Acidosis - metabolic
Metabolic acidosis is a condition in which there is too much acid in the body fluids.
Metabolic acidosis develops when too much acid is produced in the body. It can also occur when the kidneys cannot remove enough acid from the body. There are several types of metabolic acidosis:
Lactic acidosis results from a buildup of lactic acid. Lactic acid is mainly produced in muscle cells and red blood cells. It forms when the body breaks down carbohydrates to use for energy when oxygen levels are low. It can be caused by:
Most symptoms are caused by the underlying disease or condition that is causing the metabolic acidosis. Metabolic acidosis itself most often causes rapid breathing. Acting confused or very tired may also occur. Severe metabolic acidosis can lead to shock or death. In some situations, metabolic acidosis can be a mild, ongoing (chronic) condition.
These tests can help diagnose acidosis. They can also determine whether the cause is a breathing problem or a metabolic problem. Tests may include:
Other tests may be needed to determine the cause of the acidosis.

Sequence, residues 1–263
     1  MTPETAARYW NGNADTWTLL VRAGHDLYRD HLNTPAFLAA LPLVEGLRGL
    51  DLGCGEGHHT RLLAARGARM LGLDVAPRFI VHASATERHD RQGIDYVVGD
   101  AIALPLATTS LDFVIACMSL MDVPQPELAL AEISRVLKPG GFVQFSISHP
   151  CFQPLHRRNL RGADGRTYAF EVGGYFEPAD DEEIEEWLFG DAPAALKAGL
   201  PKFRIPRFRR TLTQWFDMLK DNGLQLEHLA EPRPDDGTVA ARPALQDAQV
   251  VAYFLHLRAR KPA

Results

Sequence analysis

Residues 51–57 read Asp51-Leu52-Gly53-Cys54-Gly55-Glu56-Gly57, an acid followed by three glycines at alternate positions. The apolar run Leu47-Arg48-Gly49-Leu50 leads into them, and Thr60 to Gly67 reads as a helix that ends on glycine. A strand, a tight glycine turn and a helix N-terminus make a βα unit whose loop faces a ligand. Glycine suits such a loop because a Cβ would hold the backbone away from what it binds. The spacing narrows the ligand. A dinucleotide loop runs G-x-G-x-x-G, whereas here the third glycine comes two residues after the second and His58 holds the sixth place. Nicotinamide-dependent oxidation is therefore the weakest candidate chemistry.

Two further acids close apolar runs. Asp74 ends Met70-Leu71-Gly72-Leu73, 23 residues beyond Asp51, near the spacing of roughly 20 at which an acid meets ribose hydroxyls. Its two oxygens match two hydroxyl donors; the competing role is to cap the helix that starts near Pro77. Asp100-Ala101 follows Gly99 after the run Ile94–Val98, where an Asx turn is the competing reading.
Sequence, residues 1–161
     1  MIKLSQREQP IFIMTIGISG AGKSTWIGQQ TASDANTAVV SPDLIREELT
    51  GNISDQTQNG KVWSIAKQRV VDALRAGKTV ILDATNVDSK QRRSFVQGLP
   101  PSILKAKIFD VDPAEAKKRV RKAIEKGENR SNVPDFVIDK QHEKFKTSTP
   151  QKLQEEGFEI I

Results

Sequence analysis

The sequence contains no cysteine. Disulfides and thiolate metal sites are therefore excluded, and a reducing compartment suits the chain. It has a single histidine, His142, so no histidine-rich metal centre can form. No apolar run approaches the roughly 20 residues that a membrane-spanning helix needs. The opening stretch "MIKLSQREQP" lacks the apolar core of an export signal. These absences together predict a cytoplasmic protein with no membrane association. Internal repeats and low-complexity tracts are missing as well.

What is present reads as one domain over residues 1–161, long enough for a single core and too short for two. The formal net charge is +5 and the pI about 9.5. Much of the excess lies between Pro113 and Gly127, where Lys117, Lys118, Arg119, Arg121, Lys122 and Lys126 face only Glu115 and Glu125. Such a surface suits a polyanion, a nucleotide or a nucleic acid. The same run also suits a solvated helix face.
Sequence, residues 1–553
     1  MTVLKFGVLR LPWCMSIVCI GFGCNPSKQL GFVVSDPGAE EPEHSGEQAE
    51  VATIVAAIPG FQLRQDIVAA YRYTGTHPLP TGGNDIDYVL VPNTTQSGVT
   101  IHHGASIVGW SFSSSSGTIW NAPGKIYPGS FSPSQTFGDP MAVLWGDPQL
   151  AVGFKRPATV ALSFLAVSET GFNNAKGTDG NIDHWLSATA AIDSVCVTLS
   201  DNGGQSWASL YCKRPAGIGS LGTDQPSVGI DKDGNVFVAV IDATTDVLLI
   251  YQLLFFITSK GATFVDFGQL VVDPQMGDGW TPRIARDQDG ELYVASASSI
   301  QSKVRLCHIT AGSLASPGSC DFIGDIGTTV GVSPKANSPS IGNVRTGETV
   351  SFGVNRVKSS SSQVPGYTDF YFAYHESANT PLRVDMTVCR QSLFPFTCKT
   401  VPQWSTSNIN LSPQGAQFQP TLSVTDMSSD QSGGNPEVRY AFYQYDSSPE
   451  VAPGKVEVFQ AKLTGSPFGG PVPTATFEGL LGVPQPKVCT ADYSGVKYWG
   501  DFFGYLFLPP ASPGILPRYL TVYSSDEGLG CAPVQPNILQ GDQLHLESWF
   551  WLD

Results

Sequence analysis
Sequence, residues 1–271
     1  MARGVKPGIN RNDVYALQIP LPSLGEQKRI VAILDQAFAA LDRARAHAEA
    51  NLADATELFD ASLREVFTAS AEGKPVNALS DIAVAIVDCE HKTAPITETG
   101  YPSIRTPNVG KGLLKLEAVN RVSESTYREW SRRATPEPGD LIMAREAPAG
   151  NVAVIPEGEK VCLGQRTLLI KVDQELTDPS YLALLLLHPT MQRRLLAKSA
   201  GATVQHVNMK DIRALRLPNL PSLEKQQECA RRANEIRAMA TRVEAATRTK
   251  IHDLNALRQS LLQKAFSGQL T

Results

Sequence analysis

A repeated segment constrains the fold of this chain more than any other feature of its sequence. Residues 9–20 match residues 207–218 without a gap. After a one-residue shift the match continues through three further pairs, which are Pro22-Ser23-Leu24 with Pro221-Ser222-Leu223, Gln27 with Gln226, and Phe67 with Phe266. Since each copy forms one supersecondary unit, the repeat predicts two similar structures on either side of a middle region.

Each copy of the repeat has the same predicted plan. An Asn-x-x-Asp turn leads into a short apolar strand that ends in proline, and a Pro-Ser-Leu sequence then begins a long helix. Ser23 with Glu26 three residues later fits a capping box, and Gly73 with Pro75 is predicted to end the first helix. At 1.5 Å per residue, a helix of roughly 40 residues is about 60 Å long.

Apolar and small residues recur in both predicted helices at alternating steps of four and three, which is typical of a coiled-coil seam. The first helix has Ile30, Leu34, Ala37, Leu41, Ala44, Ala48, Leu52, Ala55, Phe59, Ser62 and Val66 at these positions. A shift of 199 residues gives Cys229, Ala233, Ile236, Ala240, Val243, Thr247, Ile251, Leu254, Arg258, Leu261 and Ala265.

Treatment is aimed at the health problem causing the acidosis. In some cases, sodium bicarbonate (the chemical in baking soda) may be given to reduce the acidity of the blood. Often, you will receive lots of fluids through your vein.
The outlook will depend on the underlying disease causing the condition.
Very severe metabolic acidosis can lead to shock or death.
Seek medical help if you have symptoms of any disease that can cause metabolic acidosis.
Diabetic ketoacidosis can be prevented by keeping type 1 diabetes under control.
Hamm LL, DuBose TD. Disorders of acid-base balance. In: Yu ASL, Chertow GM, Luyckx VA, Marsden PA, Skorecki K, Taal MW, eds. Brenner and Rector's The Kidney. 11th ed. Philadelphia, PA: Elsevier; 2020:chap 16.
Palmer BF. Metabolic acidosis. In: Feehally J, Floege J, Tonelli M, Johnson RJ, eds. Comprehensive Clinical Nephrology. 6th ed. Philadelphia, PA: Elsevier; 2019:chap 12.
Seifter JL. Acid-base disorders. In: Goldman L, Schafer AI, eds. Goldman-Cecil Medicine. 26th ed. Philadelphia, PA: Elsevier; 2020:chap 110.BACK TO TOP
Review Date: 9/24/2019
Reviewed By: David C. Dugdale, III, MD, Professor of Medicine, Division of General Medicine, Department of Medicine, University of Washington School of Medicine, Seattle, WA. Also reviewed by David Zieve, MD, MHA, Medical Director, Brenda Conaway, Editorial Director, and the A.D.A.M. Editorial team.
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